We’re not saying we’ve got this all figure out. No one does.

We do know, however, that talking about goals and explaining intensity can often lead to much more productive conversations about why an individual doesn’t think the programming is working for them.

Work On Your Weaknesses

Pat Barber Coaching, GPP

If given a choice, most human beings will choose the type of training they need the least.

Cardio people love those metcons.

Barbell lovers want that strength piece.

But it happens on a more micro level as well with certain movements.

To identify your deficiencies, think about when in a workout you rest or hold back. That’s your weakness.

You go hard on what you’re good at and then relax a little on that next movement because you don’t feel safe or confident enough to maintain intensity.

So, when do you rest? When do you pull back?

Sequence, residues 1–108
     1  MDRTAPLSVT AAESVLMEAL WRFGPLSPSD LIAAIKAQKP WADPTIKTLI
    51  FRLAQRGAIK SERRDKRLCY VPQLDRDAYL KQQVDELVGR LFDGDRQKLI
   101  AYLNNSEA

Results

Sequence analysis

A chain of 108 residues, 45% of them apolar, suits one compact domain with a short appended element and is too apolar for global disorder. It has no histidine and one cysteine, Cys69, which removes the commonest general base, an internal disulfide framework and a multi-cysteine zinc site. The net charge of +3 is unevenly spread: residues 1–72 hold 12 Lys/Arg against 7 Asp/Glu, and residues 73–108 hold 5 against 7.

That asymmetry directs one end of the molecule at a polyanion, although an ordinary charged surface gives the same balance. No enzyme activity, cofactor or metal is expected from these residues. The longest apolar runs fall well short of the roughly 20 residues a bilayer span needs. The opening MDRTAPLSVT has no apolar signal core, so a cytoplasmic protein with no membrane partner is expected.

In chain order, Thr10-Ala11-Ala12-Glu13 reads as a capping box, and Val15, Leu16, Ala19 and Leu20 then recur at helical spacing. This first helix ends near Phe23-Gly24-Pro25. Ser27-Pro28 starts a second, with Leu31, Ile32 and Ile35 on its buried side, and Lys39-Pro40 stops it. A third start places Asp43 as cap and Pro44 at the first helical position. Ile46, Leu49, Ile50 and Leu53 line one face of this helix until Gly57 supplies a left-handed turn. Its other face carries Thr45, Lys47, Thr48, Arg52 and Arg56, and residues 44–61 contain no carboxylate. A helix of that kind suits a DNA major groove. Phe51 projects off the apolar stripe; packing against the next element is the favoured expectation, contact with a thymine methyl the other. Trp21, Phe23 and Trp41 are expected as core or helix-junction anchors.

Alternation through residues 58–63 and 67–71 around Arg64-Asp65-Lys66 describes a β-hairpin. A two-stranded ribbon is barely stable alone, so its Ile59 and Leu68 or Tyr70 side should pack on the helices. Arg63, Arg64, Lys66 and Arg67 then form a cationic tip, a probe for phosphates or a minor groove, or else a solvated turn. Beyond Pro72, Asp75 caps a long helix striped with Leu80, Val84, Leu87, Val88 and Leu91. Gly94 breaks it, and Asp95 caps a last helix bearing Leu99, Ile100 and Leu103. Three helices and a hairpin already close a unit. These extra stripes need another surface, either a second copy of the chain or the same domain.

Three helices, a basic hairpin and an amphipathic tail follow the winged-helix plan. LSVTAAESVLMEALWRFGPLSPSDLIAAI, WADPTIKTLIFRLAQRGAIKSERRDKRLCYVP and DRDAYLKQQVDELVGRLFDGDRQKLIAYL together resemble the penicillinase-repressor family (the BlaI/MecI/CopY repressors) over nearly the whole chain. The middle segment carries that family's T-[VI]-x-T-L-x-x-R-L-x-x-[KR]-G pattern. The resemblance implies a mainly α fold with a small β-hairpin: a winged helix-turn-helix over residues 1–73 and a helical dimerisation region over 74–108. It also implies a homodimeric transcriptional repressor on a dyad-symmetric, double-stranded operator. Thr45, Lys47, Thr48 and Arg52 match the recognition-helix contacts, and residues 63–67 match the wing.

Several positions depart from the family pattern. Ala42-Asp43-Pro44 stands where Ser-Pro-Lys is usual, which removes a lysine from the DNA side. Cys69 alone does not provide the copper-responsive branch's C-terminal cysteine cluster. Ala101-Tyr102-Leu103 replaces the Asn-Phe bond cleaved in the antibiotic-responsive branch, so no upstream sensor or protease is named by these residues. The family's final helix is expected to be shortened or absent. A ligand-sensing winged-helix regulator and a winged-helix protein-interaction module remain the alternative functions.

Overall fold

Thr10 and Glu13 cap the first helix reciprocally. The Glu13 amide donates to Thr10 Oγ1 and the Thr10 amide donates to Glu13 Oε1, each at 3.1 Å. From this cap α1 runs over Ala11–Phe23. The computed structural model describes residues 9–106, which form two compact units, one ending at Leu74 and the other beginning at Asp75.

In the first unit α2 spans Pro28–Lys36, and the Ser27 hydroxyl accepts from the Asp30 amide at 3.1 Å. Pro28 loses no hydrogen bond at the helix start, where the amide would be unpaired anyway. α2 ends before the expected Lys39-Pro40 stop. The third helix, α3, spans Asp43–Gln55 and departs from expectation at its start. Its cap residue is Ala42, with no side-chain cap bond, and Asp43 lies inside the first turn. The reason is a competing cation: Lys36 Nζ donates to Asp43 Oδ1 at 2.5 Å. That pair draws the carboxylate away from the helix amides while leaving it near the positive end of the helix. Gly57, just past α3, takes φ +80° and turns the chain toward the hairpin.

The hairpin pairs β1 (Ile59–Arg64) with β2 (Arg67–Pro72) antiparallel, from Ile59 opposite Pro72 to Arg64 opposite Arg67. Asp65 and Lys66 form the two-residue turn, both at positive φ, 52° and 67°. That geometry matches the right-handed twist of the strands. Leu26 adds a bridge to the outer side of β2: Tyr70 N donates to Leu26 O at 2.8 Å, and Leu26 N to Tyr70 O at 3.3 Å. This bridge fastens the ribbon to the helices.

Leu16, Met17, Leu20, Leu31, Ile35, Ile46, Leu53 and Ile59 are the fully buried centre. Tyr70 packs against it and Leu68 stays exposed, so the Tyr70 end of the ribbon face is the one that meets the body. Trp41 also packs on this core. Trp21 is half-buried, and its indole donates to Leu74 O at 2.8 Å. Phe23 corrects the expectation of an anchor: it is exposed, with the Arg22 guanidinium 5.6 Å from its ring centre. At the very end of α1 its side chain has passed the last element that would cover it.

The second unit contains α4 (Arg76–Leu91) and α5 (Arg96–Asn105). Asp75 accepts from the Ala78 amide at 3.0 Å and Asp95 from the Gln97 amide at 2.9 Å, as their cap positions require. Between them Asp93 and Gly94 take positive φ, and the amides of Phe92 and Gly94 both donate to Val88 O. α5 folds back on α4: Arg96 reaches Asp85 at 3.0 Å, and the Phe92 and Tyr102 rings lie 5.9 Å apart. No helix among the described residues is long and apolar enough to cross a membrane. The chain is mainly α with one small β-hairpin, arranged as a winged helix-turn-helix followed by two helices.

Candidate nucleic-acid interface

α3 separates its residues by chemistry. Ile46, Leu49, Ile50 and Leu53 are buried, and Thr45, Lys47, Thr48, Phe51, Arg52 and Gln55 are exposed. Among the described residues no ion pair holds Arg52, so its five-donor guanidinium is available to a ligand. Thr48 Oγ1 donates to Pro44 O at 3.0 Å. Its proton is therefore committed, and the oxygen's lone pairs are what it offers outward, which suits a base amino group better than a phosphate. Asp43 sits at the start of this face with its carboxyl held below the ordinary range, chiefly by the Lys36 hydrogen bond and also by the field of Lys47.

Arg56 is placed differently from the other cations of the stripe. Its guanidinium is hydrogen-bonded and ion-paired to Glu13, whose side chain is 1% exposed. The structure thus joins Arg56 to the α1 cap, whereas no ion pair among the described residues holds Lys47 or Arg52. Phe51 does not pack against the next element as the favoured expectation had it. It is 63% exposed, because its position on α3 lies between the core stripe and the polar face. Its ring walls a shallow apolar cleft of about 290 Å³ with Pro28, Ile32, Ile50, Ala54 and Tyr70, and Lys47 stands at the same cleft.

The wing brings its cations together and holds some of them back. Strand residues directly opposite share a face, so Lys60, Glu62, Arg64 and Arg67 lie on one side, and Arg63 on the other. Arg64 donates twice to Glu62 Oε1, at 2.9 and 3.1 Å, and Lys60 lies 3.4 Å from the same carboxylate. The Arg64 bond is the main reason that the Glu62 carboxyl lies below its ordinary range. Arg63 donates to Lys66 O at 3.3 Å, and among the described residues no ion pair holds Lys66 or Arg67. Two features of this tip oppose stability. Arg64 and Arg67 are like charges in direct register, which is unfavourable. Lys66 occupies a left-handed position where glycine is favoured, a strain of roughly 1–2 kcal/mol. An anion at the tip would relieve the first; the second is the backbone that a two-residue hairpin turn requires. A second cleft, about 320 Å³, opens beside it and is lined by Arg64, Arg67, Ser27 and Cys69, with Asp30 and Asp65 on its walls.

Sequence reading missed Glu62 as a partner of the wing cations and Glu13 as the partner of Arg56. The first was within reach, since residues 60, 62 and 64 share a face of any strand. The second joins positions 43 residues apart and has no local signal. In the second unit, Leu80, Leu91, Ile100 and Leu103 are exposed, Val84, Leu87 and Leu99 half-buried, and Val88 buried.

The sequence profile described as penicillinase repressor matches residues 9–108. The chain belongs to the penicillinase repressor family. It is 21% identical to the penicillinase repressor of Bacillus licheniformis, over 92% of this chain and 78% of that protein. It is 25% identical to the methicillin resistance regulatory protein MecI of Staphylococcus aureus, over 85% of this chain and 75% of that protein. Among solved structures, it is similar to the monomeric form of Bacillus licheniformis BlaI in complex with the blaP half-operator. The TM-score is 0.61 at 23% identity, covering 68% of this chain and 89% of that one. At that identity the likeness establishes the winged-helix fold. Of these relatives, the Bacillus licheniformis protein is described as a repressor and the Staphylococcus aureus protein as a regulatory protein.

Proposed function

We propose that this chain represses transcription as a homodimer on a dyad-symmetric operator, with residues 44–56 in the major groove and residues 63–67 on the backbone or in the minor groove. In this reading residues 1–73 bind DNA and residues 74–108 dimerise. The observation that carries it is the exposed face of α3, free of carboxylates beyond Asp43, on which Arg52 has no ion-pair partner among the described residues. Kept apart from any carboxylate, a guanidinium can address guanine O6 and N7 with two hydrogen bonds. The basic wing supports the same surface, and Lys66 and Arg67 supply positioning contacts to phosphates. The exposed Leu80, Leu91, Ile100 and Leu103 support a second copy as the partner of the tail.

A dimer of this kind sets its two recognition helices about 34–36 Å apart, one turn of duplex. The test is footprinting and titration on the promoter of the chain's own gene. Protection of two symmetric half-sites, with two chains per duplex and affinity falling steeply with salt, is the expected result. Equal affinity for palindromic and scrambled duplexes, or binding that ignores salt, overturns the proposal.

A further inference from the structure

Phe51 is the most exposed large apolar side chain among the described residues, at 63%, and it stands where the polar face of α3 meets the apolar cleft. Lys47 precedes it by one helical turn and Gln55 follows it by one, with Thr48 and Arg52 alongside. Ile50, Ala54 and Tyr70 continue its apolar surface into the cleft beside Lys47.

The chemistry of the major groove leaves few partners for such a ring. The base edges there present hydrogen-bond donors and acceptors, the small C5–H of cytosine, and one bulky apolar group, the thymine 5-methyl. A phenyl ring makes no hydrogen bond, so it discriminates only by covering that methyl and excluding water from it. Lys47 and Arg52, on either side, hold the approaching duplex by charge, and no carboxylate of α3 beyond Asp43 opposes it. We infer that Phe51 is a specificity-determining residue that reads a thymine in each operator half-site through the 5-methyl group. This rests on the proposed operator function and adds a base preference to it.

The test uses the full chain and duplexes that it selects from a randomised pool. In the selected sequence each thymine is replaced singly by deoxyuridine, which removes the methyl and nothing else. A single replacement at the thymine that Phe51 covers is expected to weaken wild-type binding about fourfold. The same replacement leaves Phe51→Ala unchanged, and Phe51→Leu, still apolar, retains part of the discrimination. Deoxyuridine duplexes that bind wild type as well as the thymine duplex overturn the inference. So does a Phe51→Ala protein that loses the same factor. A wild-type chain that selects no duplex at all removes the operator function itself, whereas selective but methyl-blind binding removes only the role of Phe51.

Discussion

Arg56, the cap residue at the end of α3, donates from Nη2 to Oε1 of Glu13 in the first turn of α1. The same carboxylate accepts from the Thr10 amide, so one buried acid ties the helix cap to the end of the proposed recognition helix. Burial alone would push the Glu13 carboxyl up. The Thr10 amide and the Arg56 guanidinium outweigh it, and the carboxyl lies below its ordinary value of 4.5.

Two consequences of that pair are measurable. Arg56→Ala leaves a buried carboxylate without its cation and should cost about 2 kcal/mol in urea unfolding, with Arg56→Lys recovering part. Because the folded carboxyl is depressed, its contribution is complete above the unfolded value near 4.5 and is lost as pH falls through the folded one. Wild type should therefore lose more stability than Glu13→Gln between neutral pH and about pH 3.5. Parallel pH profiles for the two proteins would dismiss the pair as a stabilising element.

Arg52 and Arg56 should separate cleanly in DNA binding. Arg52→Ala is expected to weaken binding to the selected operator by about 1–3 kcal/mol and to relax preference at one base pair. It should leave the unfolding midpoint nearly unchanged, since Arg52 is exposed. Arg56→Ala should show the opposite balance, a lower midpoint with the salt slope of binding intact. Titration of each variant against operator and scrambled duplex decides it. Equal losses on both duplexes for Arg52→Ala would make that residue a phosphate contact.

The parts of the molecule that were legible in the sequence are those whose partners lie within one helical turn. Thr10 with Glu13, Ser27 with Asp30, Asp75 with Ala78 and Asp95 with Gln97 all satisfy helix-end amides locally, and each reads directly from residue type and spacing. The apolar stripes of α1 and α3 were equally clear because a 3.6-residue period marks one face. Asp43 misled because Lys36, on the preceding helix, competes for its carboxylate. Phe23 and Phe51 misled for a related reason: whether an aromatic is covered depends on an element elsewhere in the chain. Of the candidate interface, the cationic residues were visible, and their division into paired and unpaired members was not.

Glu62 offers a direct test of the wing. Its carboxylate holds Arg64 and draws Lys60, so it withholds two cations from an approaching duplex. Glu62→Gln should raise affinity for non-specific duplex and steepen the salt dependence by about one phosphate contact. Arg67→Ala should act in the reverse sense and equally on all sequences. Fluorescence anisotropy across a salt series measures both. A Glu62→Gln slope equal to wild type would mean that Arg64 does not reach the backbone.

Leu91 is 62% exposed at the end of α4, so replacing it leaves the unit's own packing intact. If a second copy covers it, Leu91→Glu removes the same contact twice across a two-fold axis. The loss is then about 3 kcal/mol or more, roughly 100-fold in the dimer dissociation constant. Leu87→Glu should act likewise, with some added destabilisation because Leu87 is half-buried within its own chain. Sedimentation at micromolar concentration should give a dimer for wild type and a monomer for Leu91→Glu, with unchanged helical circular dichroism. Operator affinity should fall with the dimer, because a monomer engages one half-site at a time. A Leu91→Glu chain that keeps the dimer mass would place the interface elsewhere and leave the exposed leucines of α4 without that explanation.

And when you recognize a client doing this, how do you coach them through it? How often do you have members flip the script so they push harder during their weaknesses and catch their breath during their favorite movements?

By choosing to attack what we suck at, our rate of growth will generally be quicker across the board.

99% of Your Members Don’t Need Extra Volume

Pat Barber Coaching, GPP

If your members want to get fitter, stronger and healthier, they don’t need a strength-biased program.

They will get plenty strong with a GPP program.

The only three groups of people who need a strength-biased program, or extra volume, are:
1) People who want to lift more often (because they enjoy lifting, regardless of what it does to their overall fitness),
2) Power/Oly lifter competitors,
3) CrossFit competitors.

And even then, a strength + metcon formula still isn’t the only way to get that extra strength work.⠀

Most people — the 99% of your gym and potential members — just need to get to the gym and workout hard, with good coaching. They need constantly varied functional movements executed at a high intensity, coupled with meats, veggies, nuts and seeds, some fruit, little starch, no sugar. Not a strength cycle.⠀

If you want the nitty gritty details of why we believe in a GPP program, read this page. We hit every concern people have when they’re switching away from a strength-biased program to a GPP program.⠀